The names interior and exterior are very descriptive. Interior routing protocols are designed for use within a contained network of limited size, whereas exterior routing protocols are designed to link multiple networks together. They can be used in combination in order to simplify network administration. For example, a network can be built with only border routers of a network running the exterior routing protocol, while all the routers on the network run the interior protocol, which prevents them from connecting outside the network without passing through the border. Exterior routers in such a configuration must have both exterior and interior protocols, to communicate with the interior routers and outside the network.

Nearly all routing protocols are interior routing protocols. Only BGP is commonly used as an exterior routing protocol.

You may see interior gateway protocol (IGP) used to refer to interior routing protocols, and exterior gateway protocol (EGP) used to refer to interior routing protocols.

Distance vector versus link-state protocols

Every routing protocol determines the best route between two addresses using a different method. However, there are two main algorithms for determining the best route — Distance vector and Link-state.

Distance vector protocols

In distance vector protocols, routers are told about remote networks through neighboring routers. The distance part refers to the number of hops to the destination, and in more advanced routing protocols these hops can be weighted by factors such as available bandwidth and delay. The vector part determines which router is the next step along the path for this route. This information is passed along from neighboring routers with routing update packets that keep the routing tables up to date. Using this method, an outage along a route is reported back along to the start of that route, ideally before the outage is encountered.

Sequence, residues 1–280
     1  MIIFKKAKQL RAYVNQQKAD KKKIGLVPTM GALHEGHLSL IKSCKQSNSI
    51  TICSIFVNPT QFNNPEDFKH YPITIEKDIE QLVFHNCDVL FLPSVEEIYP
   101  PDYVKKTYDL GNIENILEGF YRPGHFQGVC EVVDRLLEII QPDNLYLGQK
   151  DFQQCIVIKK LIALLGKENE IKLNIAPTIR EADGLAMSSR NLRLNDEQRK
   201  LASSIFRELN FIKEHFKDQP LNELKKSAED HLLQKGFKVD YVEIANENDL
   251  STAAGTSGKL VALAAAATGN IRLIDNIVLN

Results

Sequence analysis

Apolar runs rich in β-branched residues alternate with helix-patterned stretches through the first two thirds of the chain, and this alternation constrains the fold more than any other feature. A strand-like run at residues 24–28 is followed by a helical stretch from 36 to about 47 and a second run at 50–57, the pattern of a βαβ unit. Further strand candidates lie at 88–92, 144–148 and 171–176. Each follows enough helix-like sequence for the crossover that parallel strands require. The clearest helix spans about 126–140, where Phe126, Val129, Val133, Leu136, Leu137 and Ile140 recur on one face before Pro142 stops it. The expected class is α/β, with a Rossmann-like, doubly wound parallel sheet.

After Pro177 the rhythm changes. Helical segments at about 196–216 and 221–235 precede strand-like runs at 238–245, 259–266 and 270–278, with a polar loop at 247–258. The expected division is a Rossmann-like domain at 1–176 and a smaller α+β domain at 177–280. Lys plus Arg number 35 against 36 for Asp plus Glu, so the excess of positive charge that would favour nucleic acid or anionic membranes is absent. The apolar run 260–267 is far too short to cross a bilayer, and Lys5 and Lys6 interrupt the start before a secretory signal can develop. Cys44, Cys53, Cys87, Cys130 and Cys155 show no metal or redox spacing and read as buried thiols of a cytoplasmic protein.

On distance vector protocols, RFC 1058 which defines RIP v1 states the following:

Distance vector algorithms are based on the exchange of only a small amount of information. Each entity (gateway or host) that participates in the routing protocol is assumed to keep information about all of the destinations within the system. Generally, information about all entities connected to one network is summarized by a single entry, which describes the route to all destinations on that network.

There are four main weaknesses inherent in the distance vector method. Firstly, the routing information is not discovered by the router itself, but is instead reported information that must be relied on to be accurate and up-to-date. The second weakness is that it can take a while for the information to make its way to all the routers who need the information — in other words it can have slow convergence. The third weakness is the amount of overhead involved in passing these updates all the time. The number of updates between routers in a larger network can significantly reduce the available bandwidth. The fourth weakness is that distance vector protocols can end up with routing-loops. Routing loops are when packets are routed for ever around a network, and often occur with slow convergence. The bandwidth required by these infinite loops will slow your network to a halt. There are methods of preventing these loops however, so this weakness is not as serious as it may first appear.

Link-state protocols

Link-state protocols are also known as shortest path first protocols. Where distance vector uses information passed along that may or may not be current and accurate, in link-state protocols each router passes along only information about networks and devices directly connected to it. This results in a more accurate picture of the network topology around your router, allowing it to make better routing decisions. This information is passed between routers using link-state advertisements (LSAs). To reduce the overhead, LSAs are only sent out when information changes, compared to distance vector sending updates at regular intervals even if no information has changed. The more accurate network picture in link-state protocols greatly speed up convergence and avoid problems such as routing-loops.

Minimum configuration for dynamic routing

Dynamic routing protocols do not pay attention to routing updates from other sources, unless you specifically configure them to do so using CLI redistribute commands within each routing protocol.

The minimum configuration for any dynamic routing to function is to have dynamic routing configured on one interface on the FortiGate unit, and one other router configured as well. Some protocols require larger networks to function as designed.

Minimum configuration based on dynamic protocol
Interface yes yes yes
Network yes yes yes
AS local and neighbor no yes
Neighbors at least one at least one at least one
Version no yes no
Router ID no no yes